For less than 400 bucks MSRP, you can get a rock-solid little pocket pistol. I appreciate KelTec’s low price point for a gun that’s not an everyday carry but one I need when normal dress isn’t permitted.

KelTec P32 Final Grade

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Reviewed by Travis Pike

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Based on 13 Reviews

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KelTec P32 Starter Pack

With any firearm, there are a few items that are always good to have on hand. You need eye and ear protection and a good cleaning kit. We have articles dedicated to all three of these and the links are below.

Upgrades and Accessories for the KelTec P32

It is always nice, and important, to have extra magazines on hand. You also need to have a quality holster to carry your firearm. We have links below to each of these.

You may find yourself in an unusual shooting position where you cannot see your sights. With a laser sight, you can solve that problem.

Best Accessories For KeTec P32

Kel-Tec P32 .32 ACP 7-Round Magazine
  • Blued steel construction
  • High-tensile steel spring
  • Injection-molded polymer follower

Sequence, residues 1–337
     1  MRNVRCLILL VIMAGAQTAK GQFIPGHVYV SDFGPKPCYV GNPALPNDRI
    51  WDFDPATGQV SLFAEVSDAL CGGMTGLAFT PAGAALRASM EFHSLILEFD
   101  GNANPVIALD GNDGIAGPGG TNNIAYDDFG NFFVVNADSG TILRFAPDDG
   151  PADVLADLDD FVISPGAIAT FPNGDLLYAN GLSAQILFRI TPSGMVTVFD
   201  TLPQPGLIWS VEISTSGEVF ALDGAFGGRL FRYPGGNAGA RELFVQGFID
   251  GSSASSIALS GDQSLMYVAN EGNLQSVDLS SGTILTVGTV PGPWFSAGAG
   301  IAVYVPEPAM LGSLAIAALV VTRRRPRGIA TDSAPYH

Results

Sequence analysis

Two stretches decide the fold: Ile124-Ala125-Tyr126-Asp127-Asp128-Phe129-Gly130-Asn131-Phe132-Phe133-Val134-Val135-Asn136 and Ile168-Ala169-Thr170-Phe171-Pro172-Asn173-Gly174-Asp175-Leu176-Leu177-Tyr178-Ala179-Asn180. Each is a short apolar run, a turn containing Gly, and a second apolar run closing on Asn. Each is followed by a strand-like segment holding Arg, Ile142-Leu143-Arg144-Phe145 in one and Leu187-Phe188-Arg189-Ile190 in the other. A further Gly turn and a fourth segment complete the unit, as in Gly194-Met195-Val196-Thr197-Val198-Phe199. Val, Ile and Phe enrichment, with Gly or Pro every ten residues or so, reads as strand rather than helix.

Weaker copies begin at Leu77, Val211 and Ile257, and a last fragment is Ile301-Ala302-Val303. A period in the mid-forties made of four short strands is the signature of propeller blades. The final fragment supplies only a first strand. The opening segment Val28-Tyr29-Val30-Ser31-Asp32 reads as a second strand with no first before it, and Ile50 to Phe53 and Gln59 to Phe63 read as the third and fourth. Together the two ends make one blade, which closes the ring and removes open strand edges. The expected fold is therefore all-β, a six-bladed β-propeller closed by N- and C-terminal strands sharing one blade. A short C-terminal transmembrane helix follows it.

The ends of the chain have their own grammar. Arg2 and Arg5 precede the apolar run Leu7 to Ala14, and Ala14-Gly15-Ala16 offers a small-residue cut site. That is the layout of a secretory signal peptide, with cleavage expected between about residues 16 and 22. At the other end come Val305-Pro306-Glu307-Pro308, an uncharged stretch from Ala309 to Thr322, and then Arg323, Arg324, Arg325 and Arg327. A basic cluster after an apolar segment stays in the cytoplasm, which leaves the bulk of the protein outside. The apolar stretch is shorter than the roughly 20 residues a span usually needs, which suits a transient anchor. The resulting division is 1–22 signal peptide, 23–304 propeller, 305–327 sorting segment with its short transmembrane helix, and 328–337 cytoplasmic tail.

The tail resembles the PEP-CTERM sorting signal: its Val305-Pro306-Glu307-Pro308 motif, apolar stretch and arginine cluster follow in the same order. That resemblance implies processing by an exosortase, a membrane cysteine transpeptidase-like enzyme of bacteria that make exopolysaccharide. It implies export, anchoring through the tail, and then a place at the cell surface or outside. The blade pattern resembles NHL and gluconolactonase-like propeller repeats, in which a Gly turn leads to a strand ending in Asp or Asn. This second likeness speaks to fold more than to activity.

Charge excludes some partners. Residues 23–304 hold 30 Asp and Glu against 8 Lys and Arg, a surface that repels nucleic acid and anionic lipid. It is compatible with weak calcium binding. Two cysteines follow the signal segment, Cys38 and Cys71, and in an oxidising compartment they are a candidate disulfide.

• Precision-machined witness holes
  • Impact-resistant polymer floor plate
Check Price
Crimson Trace LG-430 Laserguard
  • Red Laser Sight
  • Adjustable Sight
  • Instinctive Activation
  • Three Year Limited Warranty
  • Fits Kel-Tec P-3AT And P-32 Gen 1 And 2 Pistols
Check Price
DeSantis The Insider Leather IWB Holster
  • Must be worn with a belt
  • Accommodates belts up to 1 3/4 inch wide
Check Price

Best Ammo for Your KelTec P32

32 Auto is not the most common ammo out there, but we found some good deals on both some range ammo for training and some self-defense ammo for concealed carry purposes. 

Range Rounds

PMC Bronze 32 ACP 71 GR FMJ Ammo

PMC Bronze 32 ACP 71 GR FMJ

Cost Per Round
Target Sports USA $0.44
Natchez $0.51
Optics Planet $0.68

Self Defense Ammo

Hornady Critical Defense 32 ACP 60 GR Flex Tip Ammo

Hornady Critical Defense 32 ACP 60 GR FTX

Cost Per Round
MidwayUSA $1.20
Optics Planet $1.36
Sportsman’s Guide $1.04

Other Pocket Pistols of its Class to Check Out

We have reviewed several ultra-compact pistols. Here are a few others to check out. Click the titles to go to the full reviews for each gun.

#1 S&W Equalizer

S&W Equalizer Feature Image

S&W Equalizer

A micro compact 9mm handgun with easy rack slide, optics cut slide, double stack magazine and internal hammer fired.

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  • Shootability B